Council commenced raising funds in 1987 for a State Memorial to the Wartime Servicewomen of New South Wales and finally on 16 February 1990 it was unveiled by His Excellency Rear-Admiral Sir David Martin KCMG AO, Governor of New South Wales at that time and dedicated in the presence of hundreds of war-time servicewomen, their friends and representatives of ex-service organisations from all parts of New South Wales, most of whom made its erection possible. It was the result of a labour of love. Erected in the Spirit of Friendship and located in Jessie Street Gardens in Loftus Street, Sydney, it is dear to the hearts of thousands of World War II servicewomen. Wreath laying ceremonies are held there on commemorative occasions.

On 12 December 1991 a Tree Planting and Memorial Plaque Dedication Ceremony was held by Council at the western side of the main building of the Australian War Memorial to commemorate the 50th Anniversary of the formation of the Australian Women’s Services in the Defence Forces. The tree was a mint leafed peppermint.

Throughout the years Council has continued to make representations to the Governments of the day and has had its wins and losses. Council’s support of its Chairman was the main catalyst for Defence Service Home Loans being granted to all World War II servicewomen in the 1995-1996 Budget, irrespective of where they served.

It pressed for the recognition of men as war widowers when their TPI wives died or other female veteran wives died as the result of their war service, knowing full well how dependent upon their wives many men in the World War II age group were. Discrimination was also an issue in both these cases and this was recognised after much lobbying.

Council is well-respected in the ex-service community and has been involved in many Federal projects, e.g. inter alia its Chairman was invited to represent the Australian World War II female veterans at the official proceedings at the Entombment of the Unknown Australian Soldier; to take part in the planning of Wartime Servicewomen’s National Day in Canberra during the 1997 Australia Remembers Year and to be a member of the Advisory Group to the Australian War Memorial for the Australian Servicewomen’s Memorial in the Sculpture Garden at the Australian War Memorial. The Councillors all contribute to the reputation Council has for reliability, as well as deep concern and action on behalf of those it represents.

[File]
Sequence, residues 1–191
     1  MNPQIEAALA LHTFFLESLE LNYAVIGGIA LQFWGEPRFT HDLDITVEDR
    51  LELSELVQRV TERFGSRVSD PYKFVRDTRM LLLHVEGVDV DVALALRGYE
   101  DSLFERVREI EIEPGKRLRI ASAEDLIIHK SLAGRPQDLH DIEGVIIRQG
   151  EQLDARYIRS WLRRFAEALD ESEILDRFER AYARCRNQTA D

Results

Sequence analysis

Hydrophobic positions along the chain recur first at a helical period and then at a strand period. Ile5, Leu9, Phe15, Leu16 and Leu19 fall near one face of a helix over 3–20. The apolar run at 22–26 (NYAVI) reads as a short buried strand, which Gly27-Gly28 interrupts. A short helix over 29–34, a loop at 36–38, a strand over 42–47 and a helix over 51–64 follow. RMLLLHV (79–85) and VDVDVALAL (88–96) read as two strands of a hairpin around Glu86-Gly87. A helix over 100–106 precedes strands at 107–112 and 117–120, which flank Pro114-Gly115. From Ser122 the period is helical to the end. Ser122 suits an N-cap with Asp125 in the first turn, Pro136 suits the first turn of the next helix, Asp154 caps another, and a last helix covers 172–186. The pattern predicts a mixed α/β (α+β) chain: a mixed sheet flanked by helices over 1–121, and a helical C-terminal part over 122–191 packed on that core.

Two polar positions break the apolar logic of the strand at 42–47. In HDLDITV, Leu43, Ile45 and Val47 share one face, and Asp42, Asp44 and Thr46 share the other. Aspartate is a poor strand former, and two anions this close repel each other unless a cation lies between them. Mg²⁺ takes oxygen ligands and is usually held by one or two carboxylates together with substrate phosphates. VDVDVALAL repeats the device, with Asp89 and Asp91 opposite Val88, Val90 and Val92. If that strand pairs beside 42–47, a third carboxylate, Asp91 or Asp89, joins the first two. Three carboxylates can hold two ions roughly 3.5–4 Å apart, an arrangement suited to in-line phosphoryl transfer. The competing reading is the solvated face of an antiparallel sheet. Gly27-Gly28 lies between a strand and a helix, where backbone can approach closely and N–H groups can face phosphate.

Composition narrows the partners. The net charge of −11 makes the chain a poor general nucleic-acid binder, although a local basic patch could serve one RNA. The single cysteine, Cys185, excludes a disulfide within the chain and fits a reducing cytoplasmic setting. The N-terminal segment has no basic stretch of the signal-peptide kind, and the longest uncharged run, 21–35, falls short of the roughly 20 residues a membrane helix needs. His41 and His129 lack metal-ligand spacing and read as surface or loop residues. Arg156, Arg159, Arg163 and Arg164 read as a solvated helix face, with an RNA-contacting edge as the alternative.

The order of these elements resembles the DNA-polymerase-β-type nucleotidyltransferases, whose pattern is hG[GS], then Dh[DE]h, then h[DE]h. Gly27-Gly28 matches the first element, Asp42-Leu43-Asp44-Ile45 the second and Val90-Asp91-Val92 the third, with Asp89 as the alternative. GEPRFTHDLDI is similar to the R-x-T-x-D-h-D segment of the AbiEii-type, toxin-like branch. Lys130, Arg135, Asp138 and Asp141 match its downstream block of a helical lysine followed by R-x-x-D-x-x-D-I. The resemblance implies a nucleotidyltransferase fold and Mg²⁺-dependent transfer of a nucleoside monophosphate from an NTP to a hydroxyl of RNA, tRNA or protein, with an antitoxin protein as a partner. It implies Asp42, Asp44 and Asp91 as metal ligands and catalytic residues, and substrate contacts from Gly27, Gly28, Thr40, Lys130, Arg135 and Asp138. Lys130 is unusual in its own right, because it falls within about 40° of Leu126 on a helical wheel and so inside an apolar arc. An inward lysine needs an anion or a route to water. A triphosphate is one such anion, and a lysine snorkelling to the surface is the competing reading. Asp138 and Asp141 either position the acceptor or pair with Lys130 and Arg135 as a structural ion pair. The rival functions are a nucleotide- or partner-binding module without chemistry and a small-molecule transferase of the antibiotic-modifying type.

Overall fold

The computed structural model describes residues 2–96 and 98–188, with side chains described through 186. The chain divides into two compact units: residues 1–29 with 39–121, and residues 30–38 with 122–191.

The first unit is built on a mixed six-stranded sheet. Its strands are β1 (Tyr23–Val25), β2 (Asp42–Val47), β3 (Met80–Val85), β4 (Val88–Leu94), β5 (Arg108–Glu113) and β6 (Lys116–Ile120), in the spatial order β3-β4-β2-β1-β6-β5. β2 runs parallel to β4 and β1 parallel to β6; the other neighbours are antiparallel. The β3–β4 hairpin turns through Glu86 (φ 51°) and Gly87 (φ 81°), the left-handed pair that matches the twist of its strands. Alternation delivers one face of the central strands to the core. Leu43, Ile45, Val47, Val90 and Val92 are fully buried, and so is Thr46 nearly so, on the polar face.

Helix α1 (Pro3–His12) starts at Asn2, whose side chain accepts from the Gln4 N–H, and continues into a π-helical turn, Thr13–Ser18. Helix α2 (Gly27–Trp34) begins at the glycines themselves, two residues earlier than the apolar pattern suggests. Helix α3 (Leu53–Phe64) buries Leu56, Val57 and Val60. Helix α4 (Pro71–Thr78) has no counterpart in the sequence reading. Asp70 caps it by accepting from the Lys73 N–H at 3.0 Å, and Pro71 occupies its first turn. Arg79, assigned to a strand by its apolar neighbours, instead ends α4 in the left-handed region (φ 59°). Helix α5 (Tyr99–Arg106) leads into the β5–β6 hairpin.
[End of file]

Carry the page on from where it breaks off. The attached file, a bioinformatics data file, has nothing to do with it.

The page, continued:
An annual Church Service has been held since 1981 at The Holy Trinity Garrison Church, Millers Point, to commemorate the four Women’s Services and this is well-attended by female veterans, their families and friends. Council’s only fundraising function is an annual Friendship Luncheon which provides funds necessary for administrative purposes, the annual subscriptions from Member Associations being kept to a minimum to assist those organisations.

Large State Reunions were held to celebrate the 40th, 50th and 60th Anniversaries of the formation of the four Women’s Services. Simply, Council makes it possible for female veterans to meet and to celebrate on a state-wide basis when appropriate. Councillors are proud of what has been achieved and of the assistance that has been given to fellow female veterans since the formation of the Council of Ex-Servicewomen’s Associations (NSW) in 1975.


Published resources

Archival resources

  • Private Hands (These regards may not be readily available)
    • Council of Ex-Servicewomen's Associations (NSW)

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  • Member
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    • Ex-AAMWS Association of NSW Inc.
    • Australian Women's Army Service Association (NSW) (1948 - )
    • RAAF Association (NSW Division) - WAAAF Branch (1946 - )